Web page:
In a historic first, the town of Evanston, Illinois, has become the first city in the U.S. to commit to paying the Black citizens who live within its borders reparations for generations of lost wealth, inequality and systemic racism as an ongoing result of slavery in the nation’s past.
The small 158-year-old city with a population of approximately 75,000 is located just outside of Chicago along the north shore of Lake Michigan. ArLuther Lee of The Atlanta Journal-Constitution has reported that the city is planning to distribute ”$10 million in tax dollars to the cause over the next decade, with $25,000 payments to eligible residents beginning this spring.”
According to Lee, the policy was spearheaded by 5th Ward Alderman Robin Rue Simmons. Funds for the reparations will come from a new 3% tax on the now legal sale of recreational marijuana within the city.
The dispersals will be targeted towards housing and are intended to remedy “a lack of affordability, lack of access to living wage careers here in the city and a lack of sense of place,” said Rue Simmons in an interview with ABC News. “It’s the most appropriate use for that sales tax. In our city, 70% of the marijuana arrests were in the Black community. And we are 16% of the community. All studies show that Blacks and white [people] consume cannabis at the same rate,” she added.
ABC’s Ashley Brown, Emilie de Sainte Maresville and Allie Yang reported that Rue Simmons partnered with local Black historian Dino Robinson to build the case for reparations.
“Robinson is the founder of the Shorefront Legacy Center in Evanston, an archive dedicated solely to chronicling and celebrating the local Black history that had long gone ignored,” the reporters wrote. “In a 70+ page report, Robinson documented discrimination and racism in Evanston that dated back to the late 1800s.”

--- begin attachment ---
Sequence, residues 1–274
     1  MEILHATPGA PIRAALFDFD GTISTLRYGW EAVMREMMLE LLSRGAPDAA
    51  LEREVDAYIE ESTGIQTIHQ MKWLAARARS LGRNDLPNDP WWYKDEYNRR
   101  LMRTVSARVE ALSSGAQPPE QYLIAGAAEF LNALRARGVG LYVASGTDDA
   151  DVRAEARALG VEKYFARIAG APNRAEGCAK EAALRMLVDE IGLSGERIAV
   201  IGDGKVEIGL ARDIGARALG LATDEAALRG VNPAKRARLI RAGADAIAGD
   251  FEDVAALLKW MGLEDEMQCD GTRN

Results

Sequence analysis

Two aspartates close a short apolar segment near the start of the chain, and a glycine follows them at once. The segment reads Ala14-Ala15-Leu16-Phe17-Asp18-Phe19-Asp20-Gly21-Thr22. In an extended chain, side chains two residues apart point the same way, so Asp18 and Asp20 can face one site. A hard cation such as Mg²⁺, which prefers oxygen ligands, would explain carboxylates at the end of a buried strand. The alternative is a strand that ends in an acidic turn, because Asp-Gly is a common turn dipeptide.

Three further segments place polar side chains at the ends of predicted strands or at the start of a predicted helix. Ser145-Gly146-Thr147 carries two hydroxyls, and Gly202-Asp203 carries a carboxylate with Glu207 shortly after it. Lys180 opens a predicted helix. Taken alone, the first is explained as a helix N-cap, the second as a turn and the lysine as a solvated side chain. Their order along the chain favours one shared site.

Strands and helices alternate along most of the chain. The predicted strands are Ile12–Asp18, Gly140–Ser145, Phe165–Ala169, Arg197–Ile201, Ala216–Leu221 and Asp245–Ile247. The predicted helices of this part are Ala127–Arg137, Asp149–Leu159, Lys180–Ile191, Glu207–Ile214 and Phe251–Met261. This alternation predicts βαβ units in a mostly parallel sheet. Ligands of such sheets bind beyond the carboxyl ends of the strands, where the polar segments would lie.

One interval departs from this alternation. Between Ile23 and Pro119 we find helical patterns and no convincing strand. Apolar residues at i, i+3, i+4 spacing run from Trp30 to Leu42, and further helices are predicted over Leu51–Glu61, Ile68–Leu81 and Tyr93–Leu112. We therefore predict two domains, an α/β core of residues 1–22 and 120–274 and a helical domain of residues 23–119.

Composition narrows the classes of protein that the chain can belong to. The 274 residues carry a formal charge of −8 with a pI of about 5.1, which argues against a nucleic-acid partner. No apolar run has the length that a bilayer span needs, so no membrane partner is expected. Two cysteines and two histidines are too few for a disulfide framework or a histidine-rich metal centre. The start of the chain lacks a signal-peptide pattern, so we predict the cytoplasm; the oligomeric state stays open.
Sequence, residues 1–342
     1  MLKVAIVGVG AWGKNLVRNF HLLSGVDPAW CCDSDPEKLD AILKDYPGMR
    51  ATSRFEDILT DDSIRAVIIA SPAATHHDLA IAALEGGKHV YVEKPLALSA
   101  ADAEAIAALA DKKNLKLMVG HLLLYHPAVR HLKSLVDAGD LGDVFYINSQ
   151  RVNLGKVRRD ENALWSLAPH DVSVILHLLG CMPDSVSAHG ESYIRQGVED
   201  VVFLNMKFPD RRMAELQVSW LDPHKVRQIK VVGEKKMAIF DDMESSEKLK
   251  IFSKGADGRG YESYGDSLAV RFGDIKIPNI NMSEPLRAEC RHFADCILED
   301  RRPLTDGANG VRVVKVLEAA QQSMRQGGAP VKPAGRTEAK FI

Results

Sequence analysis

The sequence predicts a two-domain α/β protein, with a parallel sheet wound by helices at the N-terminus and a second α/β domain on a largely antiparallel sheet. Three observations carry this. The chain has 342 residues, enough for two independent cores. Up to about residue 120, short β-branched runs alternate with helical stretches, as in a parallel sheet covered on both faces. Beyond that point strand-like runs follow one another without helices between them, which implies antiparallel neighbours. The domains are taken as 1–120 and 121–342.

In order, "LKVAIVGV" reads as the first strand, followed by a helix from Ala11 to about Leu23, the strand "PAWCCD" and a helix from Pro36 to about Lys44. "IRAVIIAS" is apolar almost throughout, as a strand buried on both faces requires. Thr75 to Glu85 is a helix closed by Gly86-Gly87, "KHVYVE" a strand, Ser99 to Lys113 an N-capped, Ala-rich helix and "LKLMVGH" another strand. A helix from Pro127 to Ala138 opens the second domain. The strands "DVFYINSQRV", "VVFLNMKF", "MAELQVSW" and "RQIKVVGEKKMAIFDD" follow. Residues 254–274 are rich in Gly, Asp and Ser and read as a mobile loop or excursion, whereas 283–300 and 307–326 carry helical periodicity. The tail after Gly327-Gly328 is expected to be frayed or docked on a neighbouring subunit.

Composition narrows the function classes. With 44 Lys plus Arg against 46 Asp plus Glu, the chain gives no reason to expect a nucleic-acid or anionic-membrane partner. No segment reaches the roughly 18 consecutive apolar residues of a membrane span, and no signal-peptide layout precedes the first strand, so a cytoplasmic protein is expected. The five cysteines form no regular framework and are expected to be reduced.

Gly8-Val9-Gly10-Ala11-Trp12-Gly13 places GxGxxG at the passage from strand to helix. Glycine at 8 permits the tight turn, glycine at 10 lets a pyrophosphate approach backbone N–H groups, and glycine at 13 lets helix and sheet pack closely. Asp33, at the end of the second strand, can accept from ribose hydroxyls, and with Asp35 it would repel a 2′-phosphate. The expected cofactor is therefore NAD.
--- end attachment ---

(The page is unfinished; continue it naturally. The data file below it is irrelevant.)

“We anticipate litigation to tie things up with the premise that ‘you cannot use tax money that’s from the public to benefit a particular group of people,'” Robinson said while reflecting on the reparation plan. But he then noted that “the entire Black community historically has paid taxes but were not guaranteed the same benefits.”
Dating back decades in the city, he said Black people were relegated to certain parts of the city, denied loans and housing and “choked off from wealth opportunities that were generally afforded to white people.”
The Atlanta Journal-Constitution reported that today, Black people living in Evanston make less than half their white counterparts and live in homes that are worth 50% less than their white neighbors.
And that fact isn’t unique to Evanston either. The Federal Reserve 2019 Survey of Consumer Finances has reported that Black Americans in general possess less than 15% of the wealth of white Americans.
The idea of reparations to atone for the effects of slavery first became popular in the late 1860s but remains largely unfilled to this day. Various lawmakers and Congresspeople have also brought up the idea over the years but so far, it has never gained enough traction to face a serious chance of approval on a federal level. The actions of Evanston lawmakers may provide a new path forward showing how reparations could be carried out on a larger scale across the country without direct congressional funding or support.
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